By recognising the crucial contributions of American Laureate Arthur Rosenfeld - the Grandfather of Energy Efficiency - to the world’s energy security, the Global Energy Prize has affirmed the importance not only of developing new energy sources but of husbanding those resources as responsibly as possible.
During the past thirty years, most areas of the United States have seen per capita electricity demand rise by about 50 per cent. The glaring exception to this statistic is California, where demand has remained stable for the last three decades. There is one man who has been recognised as the leading cause of this happy anomaly: a physicist named Arthur Rosenfeld.
The title of Grandfather of Energy Efficiency is one that fits Dr. Rosenfeld like a glove. As the last graduate student of the legendary physicist Enrico Fermi, one might have thought his career would be a story of high-energy physics, fission research, and the like. But in 1975, at the age of 48, Rosenfeld founded a group at the University of California in Berkeley that became the Center for Building Science.
In the Seventies, nuclear power was building fast and promising a world of energy abundance. Yet even in that environment, Dr. Rosenfeld realised the importance of energy conservation. He recognised the vast amounts of energy consumed in America, whose population was then slightly less than 6 per cent of the world’s total. Developed countries had similarly burgeoning energy needs, and if the billions of people living in energy poverty were to have any hope of an energy-rich future, the demand would be staggering. Whatever energy generation could be mustered to meet that future demand, efficient use of it would make that formidable task considerably more feasible.
“Art” Rosenfeld’s team of researchers at UC Berkeley eschewed a narrow focus, examining all the areas where people consume energy. They tackled a variety of these at once, from electricity usage to heating and cooling of structures. The denizens of the Center for Building Science explored new ways of making windows, novel methods of insulating buildings, anything that would lead to diminishing energy consumption without necessarily undermining the experience of living in an energy-rich society.
It has been said that Art Rosenfeld showed how to save so much energy that he had saved his fellow citizens a trillion dollars by 2010. Probably the most dramatic development coming out of his lab was the invention of the compact ballast that led to the creation of the compact fluorescent bulb. These bulbs are so far beyond the old incandescent variety in terms of saving energy and reduced heat generation that some countries are banning incandescents altogether. With no disrespect to Thomas Edison, it was high time for advancement in the field of lighting.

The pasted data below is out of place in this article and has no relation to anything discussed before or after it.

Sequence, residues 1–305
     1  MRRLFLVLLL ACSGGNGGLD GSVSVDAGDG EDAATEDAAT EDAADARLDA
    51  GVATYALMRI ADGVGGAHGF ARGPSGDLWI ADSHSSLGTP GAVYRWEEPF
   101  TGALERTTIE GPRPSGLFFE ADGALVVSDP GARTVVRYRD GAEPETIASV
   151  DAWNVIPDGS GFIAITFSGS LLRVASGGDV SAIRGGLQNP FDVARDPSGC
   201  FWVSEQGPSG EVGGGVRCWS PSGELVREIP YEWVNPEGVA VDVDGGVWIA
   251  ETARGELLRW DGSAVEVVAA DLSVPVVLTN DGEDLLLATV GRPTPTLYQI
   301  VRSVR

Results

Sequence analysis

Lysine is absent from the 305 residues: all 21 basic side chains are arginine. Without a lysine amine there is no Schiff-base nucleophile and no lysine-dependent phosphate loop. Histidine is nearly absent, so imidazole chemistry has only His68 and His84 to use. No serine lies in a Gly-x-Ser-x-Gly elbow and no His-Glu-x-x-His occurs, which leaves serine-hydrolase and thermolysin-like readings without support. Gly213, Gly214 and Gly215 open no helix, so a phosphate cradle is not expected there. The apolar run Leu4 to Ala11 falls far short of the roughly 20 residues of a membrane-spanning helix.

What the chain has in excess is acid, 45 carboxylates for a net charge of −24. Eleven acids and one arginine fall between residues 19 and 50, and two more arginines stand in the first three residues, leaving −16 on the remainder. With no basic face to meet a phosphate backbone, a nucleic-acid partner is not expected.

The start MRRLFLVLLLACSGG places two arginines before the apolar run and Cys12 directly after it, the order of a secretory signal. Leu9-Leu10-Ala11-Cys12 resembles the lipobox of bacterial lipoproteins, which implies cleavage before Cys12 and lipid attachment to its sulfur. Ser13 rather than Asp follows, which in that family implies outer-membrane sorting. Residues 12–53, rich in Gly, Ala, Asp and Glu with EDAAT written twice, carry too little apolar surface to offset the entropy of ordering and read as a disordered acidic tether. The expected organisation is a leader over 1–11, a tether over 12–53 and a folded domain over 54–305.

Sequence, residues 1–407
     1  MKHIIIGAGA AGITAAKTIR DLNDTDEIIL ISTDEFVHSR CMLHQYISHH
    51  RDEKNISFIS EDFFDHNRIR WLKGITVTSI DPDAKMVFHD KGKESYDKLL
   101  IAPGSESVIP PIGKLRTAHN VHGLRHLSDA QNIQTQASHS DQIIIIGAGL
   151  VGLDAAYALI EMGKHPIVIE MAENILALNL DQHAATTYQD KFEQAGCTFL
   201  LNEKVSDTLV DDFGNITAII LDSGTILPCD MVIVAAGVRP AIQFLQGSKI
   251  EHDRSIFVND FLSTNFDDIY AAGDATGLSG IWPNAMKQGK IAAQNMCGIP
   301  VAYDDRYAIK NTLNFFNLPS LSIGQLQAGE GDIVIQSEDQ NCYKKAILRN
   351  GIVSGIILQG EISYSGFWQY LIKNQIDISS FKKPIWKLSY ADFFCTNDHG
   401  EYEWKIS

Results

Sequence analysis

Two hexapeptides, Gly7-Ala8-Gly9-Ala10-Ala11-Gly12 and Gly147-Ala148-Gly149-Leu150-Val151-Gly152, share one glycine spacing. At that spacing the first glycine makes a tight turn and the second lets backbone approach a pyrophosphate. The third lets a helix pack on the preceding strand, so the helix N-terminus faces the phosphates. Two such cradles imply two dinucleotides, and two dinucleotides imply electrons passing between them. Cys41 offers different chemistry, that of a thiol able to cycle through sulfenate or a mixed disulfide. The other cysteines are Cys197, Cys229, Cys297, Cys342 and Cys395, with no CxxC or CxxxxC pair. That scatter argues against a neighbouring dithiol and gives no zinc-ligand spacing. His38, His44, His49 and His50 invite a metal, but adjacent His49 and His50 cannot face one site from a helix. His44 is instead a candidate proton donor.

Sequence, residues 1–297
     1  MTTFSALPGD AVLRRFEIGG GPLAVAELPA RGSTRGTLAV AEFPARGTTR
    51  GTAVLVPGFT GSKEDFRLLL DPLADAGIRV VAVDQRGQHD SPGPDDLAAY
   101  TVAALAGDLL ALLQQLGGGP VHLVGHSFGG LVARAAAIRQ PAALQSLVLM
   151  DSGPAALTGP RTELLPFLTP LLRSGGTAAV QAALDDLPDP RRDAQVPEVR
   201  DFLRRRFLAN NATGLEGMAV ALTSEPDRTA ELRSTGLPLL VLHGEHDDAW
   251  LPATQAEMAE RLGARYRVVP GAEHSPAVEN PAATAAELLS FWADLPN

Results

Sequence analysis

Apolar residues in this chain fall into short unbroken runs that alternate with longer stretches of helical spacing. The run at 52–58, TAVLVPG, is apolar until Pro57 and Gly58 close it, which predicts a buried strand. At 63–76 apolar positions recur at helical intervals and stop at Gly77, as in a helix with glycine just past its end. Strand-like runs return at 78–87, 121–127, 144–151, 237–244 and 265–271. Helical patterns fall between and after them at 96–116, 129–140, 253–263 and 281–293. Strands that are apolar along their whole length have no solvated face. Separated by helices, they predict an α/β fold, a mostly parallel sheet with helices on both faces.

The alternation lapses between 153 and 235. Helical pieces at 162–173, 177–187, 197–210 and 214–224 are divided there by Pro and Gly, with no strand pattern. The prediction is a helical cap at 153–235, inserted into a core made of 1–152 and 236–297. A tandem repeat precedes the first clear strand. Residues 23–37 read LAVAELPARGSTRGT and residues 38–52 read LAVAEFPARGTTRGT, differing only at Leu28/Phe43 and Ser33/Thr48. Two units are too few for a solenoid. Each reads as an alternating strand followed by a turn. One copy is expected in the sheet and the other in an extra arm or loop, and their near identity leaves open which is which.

After developing a great variety of energy efficiency technologies, Rosenfeld was duly recognised for his accomplishments and was appointed to the California Energy Commission, where he served during the first decade of the new century. His work contributed to ever-better building codes for new structures in the state of California. Dr. Rosenfeld’s current passion is enlightening policymakers to the benefits of using white roofs to reflect sunlight and reduce the heating effect normally experienced with dark roofs. The result of such a change is so impressive that building codes are already beginning to be changed to take advantage of this idea.
Art Rosenfeld has received many awards for his important achievements, pioneering advancements in energy efficiency that are applicable around the world. Being honoured with the Global Energy Prize will introduce him and his work to an international audience and can serve to improve energy efficiency as nations all over the planet strive for a higher standard of living. His work will make those goals far more attainable.
Russia’s highest honour for advancements in the field of energy technology reveals a broad understanding that we’re all in this together, and that not only energy resources but the entire range of natural resources must be managed with care and resolve.
This commentary is part of Eco-Business’ interactive “ask the energy experts” event being held in partnership with the Global Energy Prize. To post your tough questions to Tom and the other panelists, click here.
Tom Blees is an advanced energy systems consultant from California. He is the author of Prescription for the Planet – The Painless Remedy For Our Energy & Environmental Crises. Blees is president of The Science Council for Global Initiatives [www.thesciencecouncil.com], and is a member of the Global Energy Prize selection committee.
About The Global Energy Prize
The Global Energy Prize is one of the world’s most respected awards in energy science, awarding over US$1million every year for outstanding energy achievements and innovations.
Thus far, the Prize has been granted to 24 scientists from around the globe, including past Laureates from the US, Great Britain, Canada, France, Germany, Iceland, Ukraine, Russia, and Japan. The President of the Russian Federation participates in each year’s award ceremony held at the conclusion of a week-long celebration of the awardees’ work, Laureates’ Week. Other world leaders who have supported the prize include the former US President George W. Bush, former British Prime Ministers Tony Blair and Gordon Brown, former French President Jacques Chirac and current Canadian Prime Minister, Stephen Harper.
The Global Energy Prize rewards innovation and solutions in global energy research and its concurrent environmental challenges. The degree to which a development contributes to the benefit of humanity is a key driver in deciding the recipient of the Prize.
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